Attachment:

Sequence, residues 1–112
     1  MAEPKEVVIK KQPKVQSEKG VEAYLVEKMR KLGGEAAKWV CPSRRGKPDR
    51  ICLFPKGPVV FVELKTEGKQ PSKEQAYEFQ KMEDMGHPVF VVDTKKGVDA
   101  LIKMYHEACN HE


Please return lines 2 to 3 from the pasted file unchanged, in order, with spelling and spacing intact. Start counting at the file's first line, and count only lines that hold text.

     1  MAEPKEVVIK KQPKVQSEKG VEAYLVEKMR KLGGEAAKWV CPSRRGKPDR
    51  ICLFPKGPVV FVELKTEGKQ PSKEQAYEFQ KMEDMGHPVF VVDTKKGVDA